- Use stored procedures instead of heavy-duty queries.
This can reduce network traffic, because your client will send to server only stored procedure name (perhaps with some parameters) instead of large heavy-duty queries text. Stored procedures can be used to enhance security and conceal underlying data objects also. For example, you can give the users permission to execute the stored procedure to work with the restricted set of the columns and data.
- Include the SET NOCOUNT ON statement into your stored procedures to stop the message indicating the number of rows affected by a Transact-SQL statement.
This can reduce network traffic, because your client will not receive the message indicating the number of rows affected by a Transact-SQL statement.
- Call stored procedure using its fully qualified name.
The complete name of an object consists of four identifiers: the server name, database name, owner name, and object name. An object name that specifies all four parts is known as a fully qualified name. Using fully qualified names eliminates any confusion about which stored procedure you want to run and can boost performance because SQL Server has a better chance to reuse the stored procedures execution plans if they were executed using fully qualified names.
- Consider returning the integer value as an RETURN statement instead of an integer value as part of a recordset.
The RETURN statement exits unconditionally from a stored procedure, so the statements following RETURN are not executed. Though the RETURN statement is generally used for error checking, you can use this statement to return an integer value for any other reason. Using RETURN statement can boost performance because SQL Server will not create a recordset.
- Don't use the prefix "sp_" in the stored procedure name if you need to create a stored procedure to run in a database other than the master database.
The prefix "sp_" is used in the system stored procedures names. Microsoft does not recommend to use the prefix "sp_" in the user-created stored procedure name, because SQL Server always looks for a stored procedure beginning with "sp_" in the following order: the master database, the stored procedure based on the fully qualified name provided, the stored procedure using dbo as the owner, if one is not specified. So, when you have the stored procedure with the prefix "sp_" in the database other than master, the master database is always checked first, and if the user-created stored procedure has the same name as a system stored procedure, the user-created stored procedure will never be executed.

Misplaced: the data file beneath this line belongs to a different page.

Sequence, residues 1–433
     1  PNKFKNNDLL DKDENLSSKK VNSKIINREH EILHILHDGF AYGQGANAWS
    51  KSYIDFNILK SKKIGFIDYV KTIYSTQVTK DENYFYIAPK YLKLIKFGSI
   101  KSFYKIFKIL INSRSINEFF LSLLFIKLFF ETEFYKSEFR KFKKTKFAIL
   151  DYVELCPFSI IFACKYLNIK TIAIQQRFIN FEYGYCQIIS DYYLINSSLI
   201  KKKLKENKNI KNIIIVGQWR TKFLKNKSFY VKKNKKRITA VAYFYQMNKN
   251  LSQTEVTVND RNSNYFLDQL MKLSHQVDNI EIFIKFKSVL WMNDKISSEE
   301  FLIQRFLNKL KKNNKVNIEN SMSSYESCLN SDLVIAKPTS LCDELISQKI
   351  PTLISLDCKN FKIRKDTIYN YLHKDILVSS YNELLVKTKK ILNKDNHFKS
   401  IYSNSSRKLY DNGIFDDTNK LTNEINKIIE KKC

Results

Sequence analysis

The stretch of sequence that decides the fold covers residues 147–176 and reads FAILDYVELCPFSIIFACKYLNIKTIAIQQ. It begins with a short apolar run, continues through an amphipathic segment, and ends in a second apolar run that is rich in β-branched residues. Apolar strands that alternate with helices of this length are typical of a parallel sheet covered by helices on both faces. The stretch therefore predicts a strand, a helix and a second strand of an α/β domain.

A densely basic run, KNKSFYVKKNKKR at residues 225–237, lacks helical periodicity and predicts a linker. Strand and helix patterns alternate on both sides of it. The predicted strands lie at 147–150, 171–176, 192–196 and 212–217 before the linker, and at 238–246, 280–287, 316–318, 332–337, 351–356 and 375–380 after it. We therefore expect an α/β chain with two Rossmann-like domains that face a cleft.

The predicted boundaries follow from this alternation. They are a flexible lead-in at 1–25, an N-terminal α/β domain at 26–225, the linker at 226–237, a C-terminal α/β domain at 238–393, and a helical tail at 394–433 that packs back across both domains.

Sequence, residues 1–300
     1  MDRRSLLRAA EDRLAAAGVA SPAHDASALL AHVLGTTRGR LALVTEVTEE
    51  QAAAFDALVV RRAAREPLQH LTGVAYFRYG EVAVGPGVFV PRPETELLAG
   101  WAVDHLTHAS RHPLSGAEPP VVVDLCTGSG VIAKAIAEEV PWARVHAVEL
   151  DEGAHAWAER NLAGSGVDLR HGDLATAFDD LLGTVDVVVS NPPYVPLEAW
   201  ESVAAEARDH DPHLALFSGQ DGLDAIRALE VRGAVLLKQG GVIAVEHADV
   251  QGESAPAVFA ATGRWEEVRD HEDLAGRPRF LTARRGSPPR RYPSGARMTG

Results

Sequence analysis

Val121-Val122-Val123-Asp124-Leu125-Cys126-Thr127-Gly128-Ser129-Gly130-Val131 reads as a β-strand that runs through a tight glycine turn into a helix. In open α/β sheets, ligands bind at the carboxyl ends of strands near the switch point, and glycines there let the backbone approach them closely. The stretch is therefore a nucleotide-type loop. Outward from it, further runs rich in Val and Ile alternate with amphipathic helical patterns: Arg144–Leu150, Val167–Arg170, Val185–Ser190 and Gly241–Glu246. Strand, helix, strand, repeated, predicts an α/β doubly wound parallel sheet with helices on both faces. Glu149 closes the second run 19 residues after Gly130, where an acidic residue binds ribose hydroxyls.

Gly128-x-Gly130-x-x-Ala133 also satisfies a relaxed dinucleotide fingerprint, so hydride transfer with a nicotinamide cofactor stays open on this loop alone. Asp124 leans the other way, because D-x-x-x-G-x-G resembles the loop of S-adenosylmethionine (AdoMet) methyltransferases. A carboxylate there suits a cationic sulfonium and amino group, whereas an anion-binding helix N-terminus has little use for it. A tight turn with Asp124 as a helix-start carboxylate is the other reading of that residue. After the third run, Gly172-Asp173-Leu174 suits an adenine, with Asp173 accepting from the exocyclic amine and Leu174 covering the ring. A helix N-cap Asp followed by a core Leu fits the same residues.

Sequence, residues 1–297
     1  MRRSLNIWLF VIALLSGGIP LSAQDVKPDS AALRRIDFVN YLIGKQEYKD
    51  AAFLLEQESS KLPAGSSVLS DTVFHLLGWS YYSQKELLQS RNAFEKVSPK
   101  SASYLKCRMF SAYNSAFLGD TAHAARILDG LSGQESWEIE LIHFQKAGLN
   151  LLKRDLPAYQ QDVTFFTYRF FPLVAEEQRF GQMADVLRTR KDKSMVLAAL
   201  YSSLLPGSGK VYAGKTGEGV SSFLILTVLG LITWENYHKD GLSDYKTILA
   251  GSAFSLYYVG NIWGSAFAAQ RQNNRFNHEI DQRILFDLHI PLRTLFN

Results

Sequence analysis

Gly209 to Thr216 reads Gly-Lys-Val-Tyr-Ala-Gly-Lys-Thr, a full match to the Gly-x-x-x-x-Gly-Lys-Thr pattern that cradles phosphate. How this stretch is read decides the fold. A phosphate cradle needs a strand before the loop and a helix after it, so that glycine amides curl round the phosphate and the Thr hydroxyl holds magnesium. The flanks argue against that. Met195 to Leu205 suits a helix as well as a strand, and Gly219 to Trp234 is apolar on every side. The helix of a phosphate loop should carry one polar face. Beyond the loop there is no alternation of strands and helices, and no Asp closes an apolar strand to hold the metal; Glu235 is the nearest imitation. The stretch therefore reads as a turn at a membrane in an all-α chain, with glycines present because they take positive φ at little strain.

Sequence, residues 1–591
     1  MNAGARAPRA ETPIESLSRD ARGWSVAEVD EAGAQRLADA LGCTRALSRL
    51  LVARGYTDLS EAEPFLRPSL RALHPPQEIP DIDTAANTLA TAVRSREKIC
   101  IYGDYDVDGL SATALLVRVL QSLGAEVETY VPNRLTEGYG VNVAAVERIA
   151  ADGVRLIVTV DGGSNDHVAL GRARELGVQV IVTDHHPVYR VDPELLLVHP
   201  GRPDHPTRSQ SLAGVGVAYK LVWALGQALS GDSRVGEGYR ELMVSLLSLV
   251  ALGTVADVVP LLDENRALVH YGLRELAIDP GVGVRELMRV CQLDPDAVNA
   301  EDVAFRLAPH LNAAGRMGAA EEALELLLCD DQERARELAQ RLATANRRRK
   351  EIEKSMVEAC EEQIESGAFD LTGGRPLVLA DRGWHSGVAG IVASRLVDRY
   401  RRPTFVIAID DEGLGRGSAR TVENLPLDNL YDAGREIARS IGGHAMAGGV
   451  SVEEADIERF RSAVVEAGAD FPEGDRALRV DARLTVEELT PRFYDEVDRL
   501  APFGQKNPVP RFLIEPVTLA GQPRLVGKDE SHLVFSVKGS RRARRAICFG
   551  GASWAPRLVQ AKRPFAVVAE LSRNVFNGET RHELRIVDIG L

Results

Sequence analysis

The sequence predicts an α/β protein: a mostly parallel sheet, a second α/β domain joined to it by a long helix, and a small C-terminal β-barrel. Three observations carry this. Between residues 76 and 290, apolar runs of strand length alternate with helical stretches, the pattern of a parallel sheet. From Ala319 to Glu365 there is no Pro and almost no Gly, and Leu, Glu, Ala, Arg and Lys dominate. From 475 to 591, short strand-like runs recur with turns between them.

- Use the sp_executesql stored procedure instead of the EXECUTE statement.
The sp_executesql stored procedure supports parameters. So, using the sp_executesql stored procedure instead of the EXECUTE statement improve readability of your code when there are many parameters are used. When you use the sp_executesql stored procedure to executes a Transact-SQL statements that will be reused many times, the SQL Server query optimizer will reuse the execution plan it generates for the first execution when the change in parameter values to the statement is the only variation.
- Use sp_executesql stored procedure instead of temporary stored procedures.
Microsoft recommends to use the temporary stored procedures when connecting to earlier versions of SQL Server that do not support the reuse of execution plans. Applications connecting to SQL Server 7.0 or SQL Server 2000 should use the sp_executesql system stored procedure instead of temporary stored procedures to have a better chance to reuse the execution plans.
- If you have a very large stored procedure, try to break down this stored procedure into several sub-procedures, and call them from a controlling stored procedure.
The stored procedure will be recompiled when any structural changes were made to a table or view referenced by the stored procedure (for example, ALTER TABLE statement), or when a large number of INSERTS, UPDATES or DELETES are made to a table referenced by a stored procedure. So, if you break down a very large stored procedure into several sub-procedures, you get chance that only a single sub-procedure will be recompiled, but other sub-procedures will not.
- Try to avoid using temporary tables inside your stored procedure.
Using temporary tables inside stored procedure reduces the chance to reuse the execution plan.
- Try to avoid using DDL (Data Definition Language) statements inside your stored procedure.
Using DDL statements inside stored procedure reduces the chance to reuse the execution plan.
- Add the WITH RECOMPILE option to the CREATE PROCEDURE statement if you know that your query will vary each time it is run from the stored procedure.
The WITH RECOMPILE option prevents reusing the stored procedure execution plan, so SQL Server does not cache a plan for this procedure and the procedure is recompiled at run time. Using the WITH RECOMPILE option can boost performance if your query will vary each time it is run from the stored procedure because in this case the wrong execution plan will not be used.
- Use SQL Server Profiler to determine which stored procedures has been recompiled too often.
To check the stored procedure has been recompiled, run SQL Server Profiler and choose to trace the event in the "Stored Procedures" category called "SP:Recompile". You can also trace the event "SP:StmtStarting" to see at what point in the procedure it is being recompiled. When you identify these stored procedures, you can take some correction actions to reduce or eliminate the excessive recompilations.